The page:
Summary of historic estuarine sedimentation measurements in the Waikato region and formulation of a historic baseline sedimentation rate
Report: TR 2019/08
Author: Stephen Hunt
About this report
Sedimentation within estuaries is a natural process but excessive sedimentation can lead to poor ecological health, with current guidance suggesting that sediment accumulation rates (SAR) should not exceed 2 mm/yr above pre-catchment disturbance SAR. The implications of this guidance is that in order to put contemporary measurements of estuarine sedimentation in context, the background rate of sedimentation prior to catchment modification is required.
Historic sedimentation data has been collected using cores throughout various estuaries in the Waikato Region and this report uses the historic SAR to formulate (i) an understanding of changes in SAR through time and (ii) an appropriate pre-catchment disturbance SAR. This research indicates that estuarine SAR pre-catchment disturbance was low in magnitude and varied little between sample locations both between estuaries and within the same estuary. The reason for this low variability and magnitude of SAR was the small amount of sediment available to the estuaries in the Waikato Region; with little sediment availability, sedimentation rates appeared to have been low regardless of the estuarine morphology or hydrodynamic environment.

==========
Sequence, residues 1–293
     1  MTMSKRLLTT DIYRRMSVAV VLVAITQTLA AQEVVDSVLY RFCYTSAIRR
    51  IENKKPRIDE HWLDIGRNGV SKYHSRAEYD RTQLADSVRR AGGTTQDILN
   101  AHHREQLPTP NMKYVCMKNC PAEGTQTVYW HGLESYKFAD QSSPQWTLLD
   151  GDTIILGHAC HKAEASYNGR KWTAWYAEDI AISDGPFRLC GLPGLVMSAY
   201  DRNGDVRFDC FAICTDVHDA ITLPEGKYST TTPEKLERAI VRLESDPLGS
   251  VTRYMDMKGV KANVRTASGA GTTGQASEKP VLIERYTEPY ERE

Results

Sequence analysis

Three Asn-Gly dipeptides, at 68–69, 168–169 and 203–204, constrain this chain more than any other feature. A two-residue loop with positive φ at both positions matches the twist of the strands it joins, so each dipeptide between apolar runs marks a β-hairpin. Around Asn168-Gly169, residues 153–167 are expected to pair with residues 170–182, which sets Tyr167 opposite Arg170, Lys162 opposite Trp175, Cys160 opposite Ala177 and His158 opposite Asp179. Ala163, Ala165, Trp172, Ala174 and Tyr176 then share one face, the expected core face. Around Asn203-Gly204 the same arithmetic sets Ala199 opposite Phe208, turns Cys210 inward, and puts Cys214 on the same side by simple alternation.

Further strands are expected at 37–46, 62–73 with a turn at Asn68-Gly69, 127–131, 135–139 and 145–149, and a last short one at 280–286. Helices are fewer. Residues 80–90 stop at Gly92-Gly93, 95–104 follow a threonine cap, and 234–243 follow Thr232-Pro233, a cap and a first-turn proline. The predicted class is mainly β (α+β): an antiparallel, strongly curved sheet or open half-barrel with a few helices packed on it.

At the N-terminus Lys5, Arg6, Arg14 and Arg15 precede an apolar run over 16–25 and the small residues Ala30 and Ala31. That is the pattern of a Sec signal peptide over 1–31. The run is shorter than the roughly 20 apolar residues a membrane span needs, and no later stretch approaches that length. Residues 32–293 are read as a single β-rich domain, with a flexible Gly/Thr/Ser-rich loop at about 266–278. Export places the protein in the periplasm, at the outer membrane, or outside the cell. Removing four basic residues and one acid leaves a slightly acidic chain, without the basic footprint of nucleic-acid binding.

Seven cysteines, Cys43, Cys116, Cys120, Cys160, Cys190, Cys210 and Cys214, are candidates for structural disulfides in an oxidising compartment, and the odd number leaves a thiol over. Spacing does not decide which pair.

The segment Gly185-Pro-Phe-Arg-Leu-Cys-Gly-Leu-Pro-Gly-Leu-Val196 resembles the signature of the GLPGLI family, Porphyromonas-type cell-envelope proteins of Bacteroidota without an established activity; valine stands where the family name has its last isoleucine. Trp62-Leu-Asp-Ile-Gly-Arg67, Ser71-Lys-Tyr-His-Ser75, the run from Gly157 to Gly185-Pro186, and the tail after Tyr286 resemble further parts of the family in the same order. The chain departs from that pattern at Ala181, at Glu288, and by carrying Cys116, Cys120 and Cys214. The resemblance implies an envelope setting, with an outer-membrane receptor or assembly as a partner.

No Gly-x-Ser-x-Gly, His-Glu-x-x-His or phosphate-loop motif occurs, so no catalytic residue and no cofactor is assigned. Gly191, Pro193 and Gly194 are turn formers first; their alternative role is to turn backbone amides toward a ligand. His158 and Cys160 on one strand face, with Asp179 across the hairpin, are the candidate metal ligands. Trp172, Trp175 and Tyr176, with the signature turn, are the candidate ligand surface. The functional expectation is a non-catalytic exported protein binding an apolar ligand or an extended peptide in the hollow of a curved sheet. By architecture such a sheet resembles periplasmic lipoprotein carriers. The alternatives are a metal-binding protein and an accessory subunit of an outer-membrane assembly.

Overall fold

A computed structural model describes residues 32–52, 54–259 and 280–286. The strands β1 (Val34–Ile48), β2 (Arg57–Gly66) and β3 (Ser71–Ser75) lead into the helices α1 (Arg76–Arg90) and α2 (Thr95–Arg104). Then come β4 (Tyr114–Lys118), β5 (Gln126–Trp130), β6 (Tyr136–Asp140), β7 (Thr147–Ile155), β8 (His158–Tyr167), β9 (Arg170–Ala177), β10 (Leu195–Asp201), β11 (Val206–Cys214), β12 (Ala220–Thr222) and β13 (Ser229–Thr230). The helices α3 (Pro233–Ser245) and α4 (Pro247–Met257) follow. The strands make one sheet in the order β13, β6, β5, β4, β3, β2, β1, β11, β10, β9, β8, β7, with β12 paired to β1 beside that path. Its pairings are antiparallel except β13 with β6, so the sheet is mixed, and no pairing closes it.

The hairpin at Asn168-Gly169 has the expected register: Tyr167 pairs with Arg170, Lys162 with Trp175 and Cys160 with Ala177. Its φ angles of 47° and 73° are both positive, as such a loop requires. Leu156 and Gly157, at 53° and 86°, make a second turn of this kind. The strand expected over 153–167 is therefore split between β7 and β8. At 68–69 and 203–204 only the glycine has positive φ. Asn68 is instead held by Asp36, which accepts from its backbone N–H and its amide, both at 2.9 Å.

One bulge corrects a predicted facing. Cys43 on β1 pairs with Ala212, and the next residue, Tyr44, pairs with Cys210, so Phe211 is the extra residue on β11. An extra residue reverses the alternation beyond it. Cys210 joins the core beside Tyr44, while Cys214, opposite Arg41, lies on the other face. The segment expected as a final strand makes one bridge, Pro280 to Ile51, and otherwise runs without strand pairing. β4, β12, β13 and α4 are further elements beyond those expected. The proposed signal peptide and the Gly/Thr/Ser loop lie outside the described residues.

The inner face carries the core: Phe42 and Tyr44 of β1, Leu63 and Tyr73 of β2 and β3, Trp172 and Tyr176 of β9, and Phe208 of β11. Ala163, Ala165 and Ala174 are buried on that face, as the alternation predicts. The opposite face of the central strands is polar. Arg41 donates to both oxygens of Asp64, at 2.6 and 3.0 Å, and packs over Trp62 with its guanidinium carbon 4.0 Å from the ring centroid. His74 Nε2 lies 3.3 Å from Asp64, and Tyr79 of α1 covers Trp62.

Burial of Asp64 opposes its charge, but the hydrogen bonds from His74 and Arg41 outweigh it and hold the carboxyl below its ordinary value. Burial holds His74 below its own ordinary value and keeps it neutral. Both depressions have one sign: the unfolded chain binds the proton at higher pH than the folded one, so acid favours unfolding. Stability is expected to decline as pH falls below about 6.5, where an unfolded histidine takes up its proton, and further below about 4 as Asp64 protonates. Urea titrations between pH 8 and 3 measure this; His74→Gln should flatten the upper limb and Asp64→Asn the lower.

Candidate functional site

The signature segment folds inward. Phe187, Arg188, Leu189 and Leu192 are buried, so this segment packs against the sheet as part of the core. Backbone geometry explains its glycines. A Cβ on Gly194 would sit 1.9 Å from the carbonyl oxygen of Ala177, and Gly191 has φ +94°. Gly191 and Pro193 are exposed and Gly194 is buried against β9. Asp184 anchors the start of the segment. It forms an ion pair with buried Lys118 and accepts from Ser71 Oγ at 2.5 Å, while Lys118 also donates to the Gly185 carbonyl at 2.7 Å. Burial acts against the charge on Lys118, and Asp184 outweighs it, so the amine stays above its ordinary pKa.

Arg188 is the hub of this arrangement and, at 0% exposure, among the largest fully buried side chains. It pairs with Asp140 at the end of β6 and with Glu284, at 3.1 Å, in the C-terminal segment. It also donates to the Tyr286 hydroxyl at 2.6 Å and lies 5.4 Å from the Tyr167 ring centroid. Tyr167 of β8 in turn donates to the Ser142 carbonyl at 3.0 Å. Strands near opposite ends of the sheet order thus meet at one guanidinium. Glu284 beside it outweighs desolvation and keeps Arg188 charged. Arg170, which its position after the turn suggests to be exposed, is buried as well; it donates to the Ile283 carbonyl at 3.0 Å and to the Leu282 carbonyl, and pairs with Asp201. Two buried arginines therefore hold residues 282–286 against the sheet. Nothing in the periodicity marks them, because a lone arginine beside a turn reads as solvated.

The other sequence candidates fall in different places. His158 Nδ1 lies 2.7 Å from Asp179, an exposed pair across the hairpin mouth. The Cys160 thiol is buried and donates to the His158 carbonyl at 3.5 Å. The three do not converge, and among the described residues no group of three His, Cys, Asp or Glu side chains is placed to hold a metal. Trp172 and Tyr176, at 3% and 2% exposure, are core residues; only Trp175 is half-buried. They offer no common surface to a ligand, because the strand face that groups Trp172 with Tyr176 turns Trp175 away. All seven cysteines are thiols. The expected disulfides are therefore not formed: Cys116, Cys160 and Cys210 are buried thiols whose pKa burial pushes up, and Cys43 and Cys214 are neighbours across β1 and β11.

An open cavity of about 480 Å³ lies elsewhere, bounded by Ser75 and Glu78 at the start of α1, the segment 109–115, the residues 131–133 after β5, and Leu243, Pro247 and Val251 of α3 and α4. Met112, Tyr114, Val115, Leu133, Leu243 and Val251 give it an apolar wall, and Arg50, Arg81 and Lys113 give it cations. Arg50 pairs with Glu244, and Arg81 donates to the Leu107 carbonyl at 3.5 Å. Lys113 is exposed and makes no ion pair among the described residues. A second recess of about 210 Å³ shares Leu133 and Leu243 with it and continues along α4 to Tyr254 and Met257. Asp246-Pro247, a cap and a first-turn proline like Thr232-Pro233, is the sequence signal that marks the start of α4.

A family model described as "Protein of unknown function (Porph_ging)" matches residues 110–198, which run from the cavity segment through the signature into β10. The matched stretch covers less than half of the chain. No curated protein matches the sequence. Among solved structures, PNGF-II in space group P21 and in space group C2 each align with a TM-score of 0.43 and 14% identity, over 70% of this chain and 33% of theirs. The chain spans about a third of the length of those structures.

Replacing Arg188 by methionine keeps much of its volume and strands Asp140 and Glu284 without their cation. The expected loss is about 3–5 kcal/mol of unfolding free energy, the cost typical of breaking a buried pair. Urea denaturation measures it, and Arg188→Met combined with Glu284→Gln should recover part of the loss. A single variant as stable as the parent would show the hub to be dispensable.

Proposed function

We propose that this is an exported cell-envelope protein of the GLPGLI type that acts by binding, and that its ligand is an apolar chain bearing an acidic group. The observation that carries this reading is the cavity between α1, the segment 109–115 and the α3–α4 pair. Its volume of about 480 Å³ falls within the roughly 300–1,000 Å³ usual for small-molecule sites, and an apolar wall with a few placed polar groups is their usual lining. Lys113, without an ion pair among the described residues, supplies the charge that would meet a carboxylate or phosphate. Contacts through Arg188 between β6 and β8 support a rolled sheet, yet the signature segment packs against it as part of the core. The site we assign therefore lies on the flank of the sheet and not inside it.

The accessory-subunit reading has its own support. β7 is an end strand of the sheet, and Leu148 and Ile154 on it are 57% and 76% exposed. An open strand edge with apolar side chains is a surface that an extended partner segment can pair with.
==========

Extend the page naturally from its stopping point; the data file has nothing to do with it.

Following human settlement, both the magnitude and variability of sedimentation increased and available evidence indicates that this increase is primarily due to catchment disturbance and the associated increase in sediment supply to the estuaries. Using this data a pre-catchment disturbance SAR of 0.2 mm/yr has been determined for estuaries within the Waikato Region. Based on the historical SAR and current sedimentation guidance, contemporary SAR should therefore not exceed 2.2 mm/yr in estuaries within the Waikato Region.
Read or download the report
|2||Methods for calculating SAR|
|2.4||Radiocarbon dating (Carbon-14)|
|3||Sedimentation from cores|
|4.1||Causes of historical changes in sedimentation rates|
|4.2||Identification of suitable core records|
|4.3||Validation of approach|
|5||Conclusions and recommendations|